On April 18, William Garrison, a juvenile lifer who was expecting his release within weeks, died from the coronavirus at Macomb Correctional Facility, one of the state’s four prisons with the highest COVID-19 rate of infections. Garrison had spent 44 years in prison since the age of 17 and had a good record. He was scheduled to be paroled as a juvenile lifer earlier, but chose to wait until he had served enough time to max out and be released.

The order to parole him as a result of that choice came in March, but he was still waiting for Worthy’s office to approve it because of the 28-day waiver.

The State of Michigan was the first English-speaking governmental entity in the world to abolish the death penalty, in 1847, as confirmed in the Michigan Constitution of 1963. But thousands of prisoners in Michigan Department of Corrections (MDOC) and county jails fear they may die from COVID-19 behind the walls.

So far, the MDOC reports that 68 confined there have died from the coronavirus. That is the fifth highest number among state prison systems in the U.S.

Michigan has the seventh highest number of cases nationally, with 5,308 positive cases, according to a database maintained by the Marshall Project. That is 1,543 for every 10,000 prisoners in a total population of 41,000, higher than the rate in in California, whose DOC has a population of 117,000. There, the rate is 1109 per 10,000.

California Department of Corrections and Rehabilitation (CDCR) officials told a federal judge in late July that they planned to release a total of 17,600 prisoners because of the COVID-19 threat, up from an earlier estimate of 10,400.

Many objected, including Corrections Secretary Ralph Diaz, who said he would bock the release of about 5,500, some of them serving life prison sentences.

During the Aug. 13 protest by the DPTF at the Detroit Detention Center on Mound Round (formerly MDOC Mound Correctional Facility), DPTF member Darryl Bracey, who had spent time there after his arrest, but was not later charged, described horrendous conditions including sleeping on the floor with dozens of others who had not been screened for COVID-19, and lack of sanitation (see video above).

All individuals arrested in Wayne County are sent to the Detention Center before being charged and arraigned. Bracey reported that individuals are being held there longer than the 48-hour limit set by the U.S. Supreme Court in County of Riverside v. McLaughlin, 500 U.S. 44 (1991).

To date, many  people, even attorneys,  are not aware of this ruling, thinking the limit in Michigan is 72 hours.  See:

Class action lawsuits on behalf of prisoners in jails including those in Wayne and Oakland Counties, and the MDOC, who are endangered by COVID-19 were filed earlier this year, but are currently stalled in the appeals process while prisoners continue to die. The appellate process is costing taxpayers money that could be used to remedy conditions in such facilities as well as communities.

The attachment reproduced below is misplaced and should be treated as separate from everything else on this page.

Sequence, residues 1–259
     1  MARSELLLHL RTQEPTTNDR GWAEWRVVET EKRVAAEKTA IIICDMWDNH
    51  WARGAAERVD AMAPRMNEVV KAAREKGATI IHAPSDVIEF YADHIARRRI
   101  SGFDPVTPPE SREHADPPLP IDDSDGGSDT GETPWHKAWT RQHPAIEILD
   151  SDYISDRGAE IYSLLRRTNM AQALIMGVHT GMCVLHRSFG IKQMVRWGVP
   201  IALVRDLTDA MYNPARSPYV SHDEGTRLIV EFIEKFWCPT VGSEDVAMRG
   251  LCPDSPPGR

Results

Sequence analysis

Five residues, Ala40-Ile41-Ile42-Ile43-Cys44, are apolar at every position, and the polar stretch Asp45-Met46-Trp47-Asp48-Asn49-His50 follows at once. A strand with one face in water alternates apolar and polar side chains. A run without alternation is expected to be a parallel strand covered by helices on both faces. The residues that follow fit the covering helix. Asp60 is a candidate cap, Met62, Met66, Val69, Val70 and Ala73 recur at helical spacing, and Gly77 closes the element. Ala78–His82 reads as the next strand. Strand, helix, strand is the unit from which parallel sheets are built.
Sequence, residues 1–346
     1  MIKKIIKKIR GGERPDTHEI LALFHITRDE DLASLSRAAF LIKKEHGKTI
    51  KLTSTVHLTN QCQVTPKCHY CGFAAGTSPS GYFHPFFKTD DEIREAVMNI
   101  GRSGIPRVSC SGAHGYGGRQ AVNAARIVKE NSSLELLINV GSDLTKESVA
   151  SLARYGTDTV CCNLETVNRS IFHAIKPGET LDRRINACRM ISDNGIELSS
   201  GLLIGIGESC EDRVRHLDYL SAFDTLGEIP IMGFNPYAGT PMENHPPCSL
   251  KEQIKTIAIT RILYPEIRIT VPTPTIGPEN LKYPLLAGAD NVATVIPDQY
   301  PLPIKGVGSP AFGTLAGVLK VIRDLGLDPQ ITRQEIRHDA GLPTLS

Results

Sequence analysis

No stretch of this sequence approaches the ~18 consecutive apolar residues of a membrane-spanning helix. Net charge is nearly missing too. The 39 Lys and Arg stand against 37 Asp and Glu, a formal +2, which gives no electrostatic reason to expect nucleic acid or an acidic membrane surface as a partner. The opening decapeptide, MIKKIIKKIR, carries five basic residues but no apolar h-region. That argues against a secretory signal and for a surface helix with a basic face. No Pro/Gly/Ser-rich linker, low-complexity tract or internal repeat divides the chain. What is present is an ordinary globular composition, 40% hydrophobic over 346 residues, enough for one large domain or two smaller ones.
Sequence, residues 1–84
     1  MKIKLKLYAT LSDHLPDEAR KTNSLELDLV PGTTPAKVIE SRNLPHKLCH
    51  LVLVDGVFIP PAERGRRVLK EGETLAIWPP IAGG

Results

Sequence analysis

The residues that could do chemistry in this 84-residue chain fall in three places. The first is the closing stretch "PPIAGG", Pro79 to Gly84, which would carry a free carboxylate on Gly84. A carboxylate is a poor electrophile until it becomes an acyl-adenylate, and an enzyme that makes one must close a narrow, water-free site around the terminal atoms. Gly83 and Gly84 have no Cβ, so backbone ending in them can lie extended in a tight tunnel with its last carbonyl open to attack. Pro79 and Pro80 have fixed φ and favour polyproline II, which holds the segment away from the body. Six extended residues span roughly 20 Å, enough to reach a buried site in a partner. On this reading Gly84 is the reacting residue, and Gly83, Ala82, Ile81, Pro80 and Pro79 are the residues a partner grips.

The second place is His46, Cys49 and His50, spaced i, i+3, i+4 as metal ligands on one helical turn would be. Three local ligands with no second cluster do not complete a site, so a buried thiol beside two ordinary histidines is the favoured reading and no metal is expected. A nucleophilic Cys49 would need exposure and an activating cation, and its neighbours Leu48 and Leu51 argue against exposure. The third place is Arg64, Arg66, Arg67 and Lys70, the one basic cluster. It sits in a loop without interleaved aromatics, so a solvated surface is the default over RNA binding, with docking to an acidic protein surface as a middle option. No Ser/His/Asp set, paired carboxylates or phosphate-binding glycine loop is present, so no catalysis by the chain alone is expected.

Oakland County Sheriff Mark Hackel even appealed a model order issued by U.S. District Court Linda Parker all the way to the U.S. Sixth Circuit Court of Appeals. See

The Old Wayne County Jail (Div. 2).

On April 11, 2020, several men in the old Wayne County Jail sent out an appeal that went viral regarding conditions there. Wayne County Sheriff Benny Napoleon said afterwards that he is addressing the conditions prisoners reported.

One Sheriff’s representative said however that the video was being researched to see who sent it, and that it appeared prisoners were using an illegal “burner” cell phone for the video. However, the mother of the son who sent it said that it was recorded on a jail station set up to allow video visits since in-person visits have been banned during the COVID-19 epidemic.

Relatives of some of those shown in the video reported that they had been placed in solitary confinement or sent to other facilities. One said her son is still in the Wayne County Jail awaiting trial far past speedy trial requirements due to COVID-19 restrictions on court hearings. She said he reports that anyone who tests positive for COVID-19 is being sent to the Dickerson Jail.


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Class Action Lawsuits filed on behalf of prisoners at Wayne and Oakland County Jails, and in MDOC facilities, with current status:

WAYNE COUNTY JAIL Last Action: June 5, 2020 ORDER Setting Briefing Schedule on Plaintiff’s Motion to Stay ( Response due by 6/25/2020 , Reply due by 7/3/2020 ). Signed by District Judge Mark A. Goldsmith.

OAKLAND COUNTY JAIL Last Order by Judge: June 4, 2020  OPINION and ORDER Denying Defendants’ 97 Emergency Motion for Stay Pending Appeal. Signed by District Judge Linda V. Parker.

MDOC CLASS ACTION:  Last Action:  Jun 03 2020 ORDER Granting In Part Emergency Motion for Expedited Discovery and Expedited Evidentiary Hearing (Dkt. 41), and Denying Emergency Motion to Withdraw Stipulation and Order Requiring Response to Motion for Class Certification (Evidentiary Hearing set for 6/17/2020 08:30 AM before District Judge Mark A. Goldsmith–Not been held to date.)